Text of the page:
Public speaking is good for business

My article for the Brighton and Hove Independent May 2016

Public Speaking for Business
Philippa Hammond

Nerves are the number one public speaking worry.

Speaking well in public’s a leadership essential and a key skill for promoting your brand, business and career. Pitching to clients, team briefings and speeches are a daily reality for many professionals, yet so many find nerves a challenge.

Angelina Jolie and Harrison Ford have confessed their fear of public speaking, so if you’re a nervous speaker, you’re not alone. No-one’s born with the ability to speak well, and you can learn practical skills to control those nerves and deliver a memorable message. Realising that the feelings we label ‘nerves’ and ‘excitement’ are the same thing, and that you can change your perception, are the first steps in dealing with your fears.

Your audience wants to hear what you have to say, so if you can answer their ‘what’s in it for me?’ question in plain English, you’ll capture and keep their attention. Using note-cards with keywords will help you look and sound better than if you try to memorise, improvise or read aloud word for word.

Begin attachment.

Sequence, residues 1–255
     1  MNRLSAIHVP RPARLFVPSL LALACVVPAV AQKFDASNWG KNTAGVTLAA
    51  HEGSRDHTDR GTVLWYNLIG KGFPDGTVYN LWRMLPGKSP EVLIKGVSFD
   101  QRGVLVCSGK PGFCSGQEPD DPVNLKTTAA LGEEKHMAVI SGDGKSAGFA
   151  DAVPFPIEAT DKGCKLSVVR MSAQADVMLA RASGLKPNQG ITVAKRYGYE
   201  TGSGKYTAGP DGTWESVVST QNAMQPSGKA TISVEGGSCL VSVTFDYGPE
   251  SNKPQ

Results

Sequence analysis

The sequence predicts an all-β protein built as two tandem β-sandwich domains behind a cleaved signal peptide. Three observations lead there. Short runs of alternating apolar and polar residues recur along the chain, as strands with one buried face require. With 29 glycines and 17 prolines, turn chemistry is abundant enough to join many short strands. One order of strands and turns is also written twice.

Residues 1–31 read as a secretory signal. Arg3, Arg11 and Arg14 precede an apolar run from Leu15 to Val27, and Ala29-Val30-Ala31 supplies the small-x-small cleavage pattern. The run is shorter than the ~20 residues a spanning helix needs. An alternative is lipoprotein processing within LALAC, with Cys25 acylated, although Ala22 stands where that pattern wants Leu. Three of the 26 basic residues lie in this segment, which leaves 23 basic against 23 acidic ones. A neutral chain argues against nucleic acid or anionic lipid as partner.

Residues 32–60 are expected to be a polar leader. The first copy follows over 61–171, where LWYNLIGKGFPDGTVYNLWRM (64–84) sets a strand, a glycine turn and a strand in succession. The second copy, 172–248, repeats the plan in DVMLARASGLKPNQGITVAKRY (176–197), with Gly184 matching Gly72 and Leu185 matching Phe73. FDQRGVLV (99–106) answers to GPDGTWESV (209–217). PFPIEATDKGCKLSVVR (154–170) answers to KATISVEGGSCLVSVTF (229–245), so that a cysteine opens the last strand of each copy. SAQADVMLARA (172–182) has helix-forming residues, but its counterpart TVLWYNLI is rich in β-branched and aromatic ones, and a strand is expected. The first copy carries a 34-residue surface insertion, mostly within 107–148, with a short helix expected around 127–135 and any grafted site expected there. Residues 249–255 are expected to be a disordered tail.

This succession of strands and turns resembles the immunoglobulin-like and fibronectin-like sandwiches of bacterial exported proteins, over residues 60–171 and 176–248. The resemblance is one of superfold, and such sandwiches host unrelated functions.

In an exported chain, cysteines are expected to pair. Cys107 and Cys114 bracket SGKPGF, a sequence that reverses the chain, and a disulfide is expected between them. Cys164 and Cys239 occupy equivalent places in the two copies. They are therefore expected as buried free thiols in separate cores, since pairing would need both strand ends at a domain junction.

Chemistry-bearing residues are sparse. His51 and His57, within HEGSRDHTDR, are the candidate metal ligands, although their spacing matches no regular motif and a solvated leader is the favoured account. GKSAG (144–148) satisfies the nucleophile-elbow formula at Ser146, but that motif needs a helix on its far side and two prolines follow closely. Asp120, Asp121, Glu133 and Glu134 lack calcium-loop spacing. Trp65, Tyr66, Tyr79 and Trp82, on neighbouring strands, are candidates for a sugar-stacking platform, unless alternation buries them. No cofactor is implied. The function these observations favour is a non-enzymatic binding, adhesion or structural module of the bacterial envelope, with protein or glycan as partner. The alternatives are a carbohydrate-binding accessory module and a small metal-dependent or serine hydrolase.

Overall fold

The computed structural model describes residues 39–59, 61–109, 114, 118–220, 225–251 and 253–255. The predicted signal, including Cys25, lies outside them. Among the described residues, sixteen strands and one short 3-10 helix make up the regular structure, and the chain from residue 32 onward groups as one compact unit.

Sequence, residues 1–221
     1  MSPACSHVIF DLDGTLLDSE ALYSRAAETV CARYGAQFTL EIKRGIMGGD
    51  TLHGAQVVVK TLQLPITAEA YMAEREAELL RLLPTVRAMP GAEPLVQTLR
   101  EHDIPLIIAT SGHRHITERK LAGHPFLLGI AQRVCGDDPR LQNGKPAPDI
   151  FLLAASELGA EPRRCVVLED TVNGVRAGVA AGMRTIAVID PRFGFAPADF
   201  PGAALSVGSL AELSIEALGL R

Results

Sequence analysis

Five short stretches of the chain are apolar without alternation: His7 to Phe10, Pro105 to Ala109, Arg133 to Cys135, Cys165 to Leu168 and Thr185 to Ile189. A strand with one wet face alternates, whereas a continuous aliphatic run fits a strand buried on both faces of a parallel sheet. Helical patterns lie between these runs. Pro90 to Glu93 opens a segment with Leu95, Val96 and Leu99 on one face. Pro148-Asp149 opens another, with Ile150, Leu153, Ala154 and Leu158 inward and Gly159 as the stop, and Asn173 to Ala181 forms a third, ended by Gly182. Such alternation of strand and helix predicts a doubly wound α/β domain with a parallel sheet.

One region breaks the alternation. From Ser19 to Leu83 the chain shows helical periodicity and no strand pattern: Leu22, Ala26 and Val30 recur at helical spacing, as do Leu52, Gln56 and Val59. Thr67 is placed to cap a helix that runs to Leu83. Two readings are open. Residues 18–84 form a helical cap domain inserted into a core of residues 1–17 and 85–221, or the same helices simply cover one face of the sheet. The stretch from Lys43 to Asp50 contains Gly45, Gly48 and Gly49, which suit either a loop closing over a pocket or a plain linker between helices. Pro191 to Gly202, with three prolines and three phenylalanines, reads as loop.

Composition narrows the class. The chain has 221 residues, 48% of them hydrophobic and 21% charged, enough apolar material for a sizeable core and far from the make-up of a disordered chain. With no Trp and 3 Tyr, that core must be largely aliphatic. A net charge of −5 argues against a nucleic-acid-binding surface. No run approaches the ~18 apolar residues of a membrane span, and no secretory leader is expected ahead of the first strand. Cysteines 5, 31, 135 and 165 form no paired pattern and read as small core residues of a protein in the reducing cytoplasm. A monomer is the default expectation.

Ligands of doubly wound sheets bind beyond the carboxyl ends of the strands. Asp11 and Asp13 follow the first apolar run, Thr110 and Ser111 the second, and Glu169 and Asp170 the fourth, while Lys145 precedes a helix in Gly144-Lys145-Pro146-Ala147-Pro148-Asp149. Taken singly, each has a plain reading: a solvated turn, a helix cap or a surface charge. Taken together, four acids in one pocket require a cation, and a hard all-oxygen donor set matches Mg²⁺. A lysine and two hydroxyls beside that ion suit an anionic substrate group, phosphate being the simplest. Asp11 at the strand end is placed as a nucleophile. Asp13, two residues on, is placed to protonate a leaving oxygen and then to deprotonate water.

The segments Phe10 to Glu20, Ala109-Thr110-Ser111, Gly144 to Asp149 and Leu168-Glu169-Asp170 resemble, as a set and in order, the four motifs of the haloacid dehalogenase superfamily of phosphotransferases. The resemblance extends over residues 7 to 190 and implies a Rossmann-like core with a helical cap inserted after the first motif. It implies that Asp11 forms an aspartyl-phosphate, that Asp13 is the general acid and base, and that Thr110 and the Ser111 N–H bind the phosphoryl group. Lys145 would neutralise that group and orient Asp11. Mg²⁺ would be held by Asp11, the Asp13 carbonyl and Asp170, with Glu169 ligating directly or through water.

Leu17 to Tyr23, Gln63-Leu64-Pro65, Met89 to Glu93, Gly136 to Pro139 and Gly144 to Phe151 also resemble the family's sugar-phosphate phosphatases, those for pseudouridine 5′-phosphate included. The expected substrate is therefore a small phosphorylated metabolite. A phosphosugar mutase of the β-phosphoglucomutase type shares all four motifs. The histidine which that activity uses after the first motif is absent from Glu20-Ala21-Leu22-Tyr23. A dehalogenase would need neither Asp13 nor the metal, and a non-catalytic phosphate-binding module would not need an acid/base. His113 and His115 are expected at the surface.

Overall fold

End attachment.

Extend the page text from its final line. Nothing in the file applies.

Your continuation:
Rehearse out loud and on your feet, so it all feels familiar, then get in early and practice to get the feel and the sound of the room. At social events, stick to water until your speech is over. You may think you’ll speak better after a drink, but that’s an illusion.

When the moment arrives, stand up comfortably straight, relax your shoulders and connect with friendly eye contact and a smile. Breathing slowly and deeply from your diaphragm helps you feel calmer and sound better as you say your first few well-practised words.

Yes, your heart will still be racing. It’s pumping the energy you need to power your speech, and you’ll feel better once you get going.

Enjoy speaking well in public